drive him away. We have to think that the stigma of being in an asylum urged the family to find a new home.

Besides the nagging, noirish lesson that society is no damn good, the movie teaches some other
possibly rules. "Remember, an innocent man has nothing to worry about" becomes a litany on the
lips of the honest cops who railroad Manny. The Wrong Man demonstrates that an innocent man has
plenty to worry about. A lot of the prosecution's case against Manny stems from his own
Manny voluntarily submits to a bunch of impromptu identification games out in the community, instead of in
more controlled line-ups. He plays along with the detective's dictation games, becoming a patsy in a
comparison scheme which can only hurt him, not help him. The inference is that the police have the power to
'guiltify' anyone they want. Once they're convinced Manny's culpable, they're no longer out
for his best interest. "We wanna give you every break we can," they reason.

It would be frightening to go up against a policeman, as I was taught to trust and obey them. Gut if I were
arrested I believe the best course of action would be to say absolutely nothing and refuse to cooperate with
them, no matter how innocent I was. The police want to nail guilty parties, but suppose circumstances
made you look guilty ...

That said, God only knows what it's like to be arrested in a big city now; the cops of The Wrong Man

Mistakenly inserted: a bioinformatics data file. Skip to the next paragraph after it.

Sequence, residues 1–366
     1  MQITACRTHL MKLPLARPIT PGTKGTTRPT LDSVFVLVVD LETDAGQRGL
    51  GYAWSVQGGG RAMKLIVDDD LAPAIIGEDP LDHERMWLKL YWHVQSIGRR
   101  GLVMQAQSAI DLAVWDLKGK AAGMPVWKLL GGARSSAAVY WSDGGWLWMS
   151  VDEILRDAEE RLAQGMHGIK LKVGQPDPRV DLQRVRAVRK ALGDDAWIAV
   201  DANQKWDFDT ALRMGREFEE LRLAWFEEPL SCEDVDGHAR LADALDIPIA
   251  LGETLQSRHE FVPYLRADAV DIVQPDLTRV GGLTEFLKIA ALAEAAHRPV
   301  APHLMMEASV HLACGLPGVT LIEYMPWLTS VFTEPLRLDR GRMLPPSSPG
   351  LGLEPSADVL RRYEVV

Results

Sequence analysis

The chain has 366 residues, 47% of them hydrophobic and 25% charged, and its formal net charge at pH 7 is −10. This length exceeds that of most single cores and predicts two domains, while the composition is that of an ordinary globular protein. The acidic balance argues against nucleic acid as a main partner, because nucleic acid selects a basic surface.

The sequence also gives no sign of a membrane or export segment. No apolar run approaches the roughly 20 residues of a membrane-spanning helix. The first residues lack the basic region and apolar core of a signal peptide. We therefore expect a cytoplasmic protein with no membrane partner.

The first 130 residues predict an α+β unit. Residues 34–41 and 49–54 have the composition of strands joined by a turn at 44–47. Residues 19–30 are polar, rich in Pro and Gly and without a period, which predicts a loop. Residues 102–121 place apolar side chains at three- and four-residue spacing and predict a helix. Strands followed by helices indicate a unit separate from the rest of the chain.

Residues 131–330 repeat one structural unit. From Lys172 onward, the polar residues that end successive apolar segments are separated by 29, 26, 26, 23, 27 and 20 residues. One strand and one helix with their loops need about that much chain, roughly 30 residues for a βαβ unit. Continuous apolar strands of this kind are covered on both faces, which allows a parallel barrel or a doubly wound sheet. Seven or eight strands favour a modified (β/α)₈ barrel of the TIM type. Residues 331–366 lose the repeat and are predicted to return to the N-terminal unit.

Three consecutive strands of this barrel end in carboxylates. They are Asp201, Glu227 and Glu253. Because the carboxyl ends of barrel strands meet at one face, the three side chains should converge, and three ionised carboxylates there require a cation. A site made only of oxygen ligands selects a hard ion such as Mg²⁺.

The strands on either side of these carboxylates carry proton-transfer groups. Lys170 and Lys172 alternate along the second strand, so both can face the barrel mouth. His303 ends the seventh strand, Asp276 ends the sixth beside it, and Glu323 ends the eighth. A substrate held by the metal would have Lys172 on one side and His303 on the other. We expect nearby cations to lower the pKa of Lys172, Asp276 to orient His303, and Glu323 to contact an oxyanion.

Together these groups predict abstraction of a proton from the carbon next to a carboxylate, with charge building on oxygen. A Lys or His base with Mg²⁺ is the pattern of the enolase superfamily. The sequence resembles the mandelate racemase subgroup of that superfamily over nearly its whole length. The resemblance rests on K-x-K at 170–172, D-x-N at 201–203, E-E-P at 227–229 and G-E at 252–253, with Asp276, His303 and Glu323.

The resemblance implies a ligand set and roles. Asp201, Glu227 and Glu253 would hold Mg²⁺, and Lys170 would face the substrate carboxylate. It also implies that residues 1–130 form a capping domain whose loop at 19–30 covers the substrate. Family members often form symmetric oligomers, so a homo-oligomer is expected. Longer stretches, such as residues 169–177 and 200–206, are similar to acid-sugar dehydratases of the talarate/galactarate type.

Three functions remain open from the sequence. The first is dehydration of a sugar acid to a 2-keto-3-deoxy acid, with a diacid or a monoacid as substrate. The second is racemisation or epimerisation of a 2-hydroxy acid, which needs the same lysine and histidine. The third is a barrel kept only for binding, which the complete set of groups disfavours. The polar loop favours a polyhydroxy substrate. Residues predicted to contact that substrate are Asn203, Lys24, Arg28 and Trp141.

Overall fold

are probably gentlemen compared to what's waiting for the average man in police stations today.

Also, along with all of the existential anxiety, The Wrong Man shows us a family that was
relatively fortunate in most essentials. Unlike the Italian neorealist people, they live in a society
where their
lives and property have some degree of security. Nobody's bombing their neighborhood and the kids aren't
going to be murdered in the schoolyard or blown up on a bus. Back in 1956 the idea of being wrongly
imprisoned was a nightmare, today it seems to happen all the time.

Warner's DVD of The Wrong Man presents this widescreen film in an enhanced transfer that is good
but not exceptional, with some shots grainy and others not as cleanly encoded as they might be. The quality
shift is only apparent on big screens. Bernard Herrmann's moody music sounds great. The prison
scenes have a creepy quality more like his later Taxi Driver work, and the domestic madness themes
are softer echoes of his love music in films like Vertigo.

The extras are a trailer and a Laurent Bouzereau docu that lets several critics loose on the title. Peter
Bogdanovich is allowed to open and close the piece with the usual tale of 5 year-old Alfie Hitchcock being
sent to jail by his father. Robert Osborne predates the French New Wave by several years and Richard
Schickel offers a few nuggets of wisdom. Civilians will learn a lot and anyone who's read a book on the
director will wonder if there's anything interesting left yet unsaid about the title.

The dramatic cover art looks to be foreign in origin.

On a scale of Excellent, Good, Fair, and Poor,
The Wrong Man rates:

Movie: Excellent

Video: Good

Sound: Excellent

Supplements: Docu Guilt Trip, trailer, Screwball Squirrel In Prison cartoon
(no cartoon, just kidding. Does anybody read this small print?)

Packaging: Keep case

Reviewed: September 25, 2004